Down a gravel dirt road and past a scattering of farm structures and tall, shady trees, we arrived at the tasting room building for Thanksgiving Farm Winery. Located in Maryland’s Anne Arundel County, my mom and I recently visited to learn more about their wines and the farm’s history.
Thanksgiving Farm Winery’s history is almost as long as America’s itself, as the property was acquired by a Revolutionary War family. In 1893, the family built a large grand home on the property – the feature image on the winery’s bottles today. In the mid-1950’s, the property was divided into two – a farm down the road occupying the perimeter, and the rest being sold to a prominent Annapolis architect who named it Thanksgiving Farm, in gratitude that his family had found such a wonderful place to live. In 1996, Thanksgiving Farm was purchased by Doug and Maureen Heimbuch, who reside on the property and have established the winery that exists today.
When my mom and I arrived at Thanksgiving Farm Winery, we made our way into the intimate tasting room, and sat down to start our tasting. While Camille gave our tasting, both Doug and Maureen, the winery owners, came in to shake hands and introduce themselves to everyone who tasted with us that day. The winery was full of life since it was the first clear and sunny day after multiple days of rain, and Maureen and Doug were on hand pouring guests tastings as well.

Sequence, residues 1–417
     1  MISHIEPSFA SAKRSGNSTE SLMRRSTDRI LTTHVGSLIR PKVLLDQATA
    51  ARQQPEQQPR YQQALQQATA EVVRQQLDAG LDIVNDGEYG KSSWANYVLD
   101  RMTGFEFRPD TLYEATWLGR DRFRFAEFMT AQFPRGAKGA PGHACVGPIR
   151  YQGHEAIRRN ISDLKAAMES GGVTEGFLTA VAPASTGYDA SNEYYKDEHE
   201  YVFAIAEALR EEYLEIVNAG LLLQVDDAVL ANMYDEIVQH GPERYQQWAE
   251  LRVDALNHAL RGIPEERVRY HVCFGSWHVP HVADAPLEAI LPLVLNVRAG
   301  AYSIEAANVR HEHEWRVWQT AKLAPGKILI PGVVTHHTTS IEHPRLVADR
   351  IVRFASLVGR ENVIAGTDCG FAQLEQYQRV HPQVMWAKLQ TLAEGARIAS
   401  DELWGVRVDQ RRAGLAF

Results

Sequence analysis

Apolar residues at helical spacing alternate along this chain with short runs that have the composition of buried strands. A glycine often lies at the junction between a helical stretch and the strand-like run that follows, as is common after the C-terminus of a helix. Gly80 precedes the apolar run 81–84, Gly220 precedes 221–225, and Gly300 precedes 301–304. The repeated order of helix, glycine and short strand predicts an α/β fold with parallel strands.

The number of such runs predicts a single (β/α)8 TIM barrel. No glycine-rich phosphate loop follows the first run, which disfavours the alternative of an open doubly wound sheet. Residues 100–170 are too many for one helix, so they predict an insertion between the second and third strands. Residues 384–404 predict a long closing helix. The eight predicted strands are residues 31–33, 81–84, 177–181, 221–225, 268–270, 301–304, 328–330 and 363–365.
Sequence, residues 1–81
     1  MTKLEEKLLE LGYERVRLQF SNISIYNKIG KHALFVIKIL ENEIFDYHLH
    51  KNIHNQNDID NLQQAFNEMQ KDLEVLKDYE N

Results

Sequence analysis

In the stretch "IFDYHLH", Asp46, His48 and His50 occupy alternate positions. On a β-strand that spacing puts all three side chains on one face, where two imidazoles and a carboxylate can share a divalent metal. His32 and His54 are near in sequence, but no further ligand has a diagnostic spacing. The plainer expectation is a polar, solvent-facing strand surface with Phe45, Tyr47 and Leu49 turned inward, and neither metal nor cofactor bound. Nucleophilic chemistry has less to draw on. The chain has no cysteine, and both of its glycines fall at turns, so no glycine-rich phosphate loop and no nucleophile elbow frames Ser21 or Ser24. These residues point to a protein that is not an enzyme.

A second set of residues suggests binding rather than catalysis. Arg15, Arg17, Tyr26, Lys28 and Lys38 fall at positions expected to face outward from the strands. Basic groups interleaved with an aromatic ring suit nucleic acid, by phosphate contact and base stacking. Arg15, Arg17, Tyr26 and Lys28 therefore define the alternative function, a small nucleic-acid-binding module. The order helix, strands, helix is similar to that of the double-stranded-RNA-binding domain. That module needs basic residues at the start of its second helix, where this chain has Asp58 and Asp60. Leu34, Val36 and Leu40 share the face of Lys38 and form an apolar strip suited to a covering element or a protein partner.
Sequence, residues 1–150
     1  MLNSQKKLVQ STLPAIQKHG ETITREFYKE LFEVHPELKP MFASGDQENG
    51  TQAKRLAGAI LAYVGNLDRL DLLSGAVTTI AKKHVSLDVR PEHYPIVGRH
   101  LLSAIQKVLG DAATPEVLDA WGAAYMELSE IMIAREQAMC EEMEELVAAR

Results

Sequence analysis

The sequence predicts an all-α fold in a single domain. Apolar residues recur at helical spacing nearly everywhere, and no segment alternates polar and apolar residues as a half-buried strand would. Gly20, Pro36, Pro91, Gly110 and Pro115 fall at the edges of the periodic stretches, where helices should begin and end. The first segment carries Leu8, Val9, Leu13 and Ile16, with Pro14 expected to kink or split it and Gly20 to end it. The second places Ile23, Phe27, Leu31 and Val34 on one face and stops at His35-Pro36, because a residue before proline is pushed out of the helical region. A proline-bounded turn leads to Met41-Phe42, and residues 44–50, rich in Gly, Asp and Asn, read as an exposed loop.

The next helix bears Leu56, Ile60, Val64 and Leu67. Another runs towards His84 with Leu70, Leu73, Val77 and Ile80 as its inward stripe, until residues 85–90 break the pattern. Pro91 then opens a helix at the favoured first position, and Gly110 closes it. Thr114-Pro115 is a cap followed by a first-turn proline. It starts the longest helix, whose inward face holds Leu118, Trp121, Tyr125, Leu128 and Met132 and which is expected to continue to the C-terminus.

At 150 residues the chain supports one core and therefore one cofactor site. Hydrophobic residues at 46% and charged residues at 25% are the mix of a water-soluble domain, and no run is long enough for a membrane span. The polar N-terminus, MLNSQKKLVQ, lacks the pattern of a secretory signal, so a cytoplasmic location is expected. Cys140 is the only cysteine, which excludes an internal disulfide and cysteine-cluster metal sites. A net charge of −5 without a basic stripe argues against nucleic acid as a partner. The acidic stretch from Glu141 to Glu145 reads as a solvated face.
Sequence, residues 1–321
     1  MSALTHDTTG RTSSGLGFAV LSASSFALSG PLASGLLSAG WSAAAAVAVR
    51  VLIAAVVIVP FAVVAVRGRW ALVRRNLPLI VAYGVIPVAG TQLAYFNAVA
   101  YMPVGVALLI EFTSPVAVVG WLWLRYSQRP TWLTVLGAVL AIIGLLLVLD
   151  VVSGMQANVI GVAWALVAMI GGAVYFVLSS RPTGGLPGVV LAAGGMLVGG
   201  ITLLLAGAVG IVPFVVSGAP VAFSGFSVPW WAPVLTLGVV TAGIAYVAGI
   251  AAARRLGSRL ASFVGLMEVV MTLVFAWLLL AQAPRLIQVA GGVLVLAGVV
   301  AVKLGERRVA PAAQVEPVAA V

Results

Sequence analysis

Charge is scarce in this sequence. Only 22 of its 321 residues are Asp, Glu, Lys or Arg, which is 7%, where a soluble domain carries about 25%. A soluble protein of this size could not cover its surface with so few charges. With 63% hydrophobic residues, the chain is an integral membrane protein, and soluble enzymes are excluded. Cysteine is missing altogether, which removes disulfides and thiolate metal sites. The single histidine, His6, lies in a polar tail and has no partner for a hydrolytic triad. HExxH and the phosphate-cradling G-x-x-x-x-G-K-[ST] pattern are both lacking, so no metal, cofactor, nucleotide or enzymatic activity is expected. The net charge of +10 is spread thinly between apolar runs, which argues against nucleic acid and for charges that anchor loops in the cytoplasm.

In the tasting room, we decided to do the flight of wines, which included six dry wines and a dessert wine for $10. We started with a white, the Franc Blanc, and then – in true summertime spirit – sampled their refreshing chilled Dry Rosé. Moving onto the reds – typically my favorites, we tried a Farmhouse Red and three Meritages, all from different years. The first Meritage was from 2011, the second from 2010 which Camille explained was an exceptional growing season, and the last from 2013. Despite being the same type of wine, it was interesting to spot the different flavors that touched your palate with each wine’s year. Lastly, we sipped on the winery’s Petit Verdot dessert wine. Not wanting to use brandy in production as is used in many dessert wines, Doug partnered with a company that produces 190% proof grape spirits to create their dessert wine that is 19% alcohol.
If you are interested in the how climate and weather impacts production, the winery offers pamphlets explaining how conditions each year, compared to Bordeaux and Napa, impact the character of each Vintage.
What really stood out to me at the winery – besides the wines themselves – was the outstanding service. Despite it being a busy day at the winery, Doug and Maureen were exceptionally friendly to their guests and made an effort to say hello to everyone, even if briefly. After our tasting, my mom and I went to sit on the porch to enjoy a glass of the 2010 Reserve Meritage bottle I had bought, and were checked on by Doug if we needed any water or pretzels.
The property at the winery is really stunning; I felt dropped into a quiet country retreat despite being only 20 miles from Washington, D.C. and 10 miles from Annapolis, Maryland. Tastings at the winery are done in the tasting room, barrel room, and outside, and the winery has tables and the owner’s own porch to relax on while you take in the scenery.
One thing is for certain – if you’re interested in the Maryland Wine Trail, Thanksgiving Farm Winery is the place to go.
Have you been to any Maryland wineries? What’s your favorite wine?
- Location: Thanksgiving Farm Winery, 195 Harwood Road, Harwood, Maryland, 20776
- Website: thanksgivingfarm.com
- Hours: The winery is open from 1-5PM Saturday and Sunday, April through mid-December
Thank you to Doug and Maureen of Thanksgiving Farm Winery for their graciousness and my wine tasting. All opinions, as always, are my own.